more discount shopping – this time a la Turque
Posted by adiamondinsunlight on December 17, 2008
Given the sagging economy, perhaps the sudden focus on discount shopping should be no surprise. After yesterday’s post, I found myself reading the New Yorker on the subway – and reading another article about the city’s off-price options.
Some (Loehmann’s, Filene’s Basement, Century 21) are old friends to me. But some – like an East Village shop called Gabay’s – were totally new:
A Turk, I thought. As Kheireddine pointed out the other day, “Turk” was frequently the designation given in Europe and South America – and, to a slightly lesser degree, in the United States – to Lebanese and Syrians who came from the Ottoman Empire.
I bet he was really Lebanese, I thought. And since Sam Gabay came through Ellis Island, I knew how to find him: the online search engine at EllisIsland.org. I love this search engine – what a gift to Americans, to have such a treasure trove of immigration history available to anyone with a working Internet connection.
And when I searched, I found … nothing! Well: I found that no one named Gabay (or Gaby, or Gabey – sometimes you have to try alternate spellings, to account for immigration officers’ and immigrants’ differing ideas about how to spell names in Roman script) immigrated through Ellis Island in 1905.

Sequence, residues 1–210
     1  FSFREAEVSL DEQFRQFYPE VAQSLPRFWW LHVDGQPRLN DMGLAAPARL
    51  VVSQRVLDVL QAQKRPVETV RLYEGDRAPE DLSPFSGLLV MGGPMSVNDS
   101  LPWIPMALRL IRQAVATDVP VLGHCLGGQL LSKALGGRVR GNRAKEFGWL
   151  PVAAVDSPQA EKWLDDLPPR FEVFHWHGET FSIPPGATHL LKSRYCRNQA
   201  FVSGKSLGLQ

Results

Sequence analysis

But I did find that a teenager named Israel Gabay did arrive from Istanbul in 1906 – which might have become 1905 over years of family retellings. And Israel might have been Anglicized to “Sam”.
Between 1900 and 1925, 30-40 Gabays arrived to the United States from “Turkey” and/or “Greece”. I’m guessing that they were all cousins to one degree or another, and that their emigration was inspired first by tightening economic times in the Ottoman Empire, and then by the dislocations involved in the formation of two new nation-states: Turkey and Greece, each of which had a particular religious identity that might have seemed less welcoming to Jews than the multi-faith Ottoman Empire had.
In any case, I was wrong: Sam Gabay does not appear to have been at all Lebanese. But his story, and the story of all his Gabay cousins, was a very nice reminder of the interesting paths by which so many immigrants came to the United States.
You can read about Gabay’s history on the store’s website, here. (In fact, given how closely the article echoes the information on the website, I would say that its author was also a site visitor.) And you can shop there seven days a week, from 10:00 AM until 7:00 pm. See you there!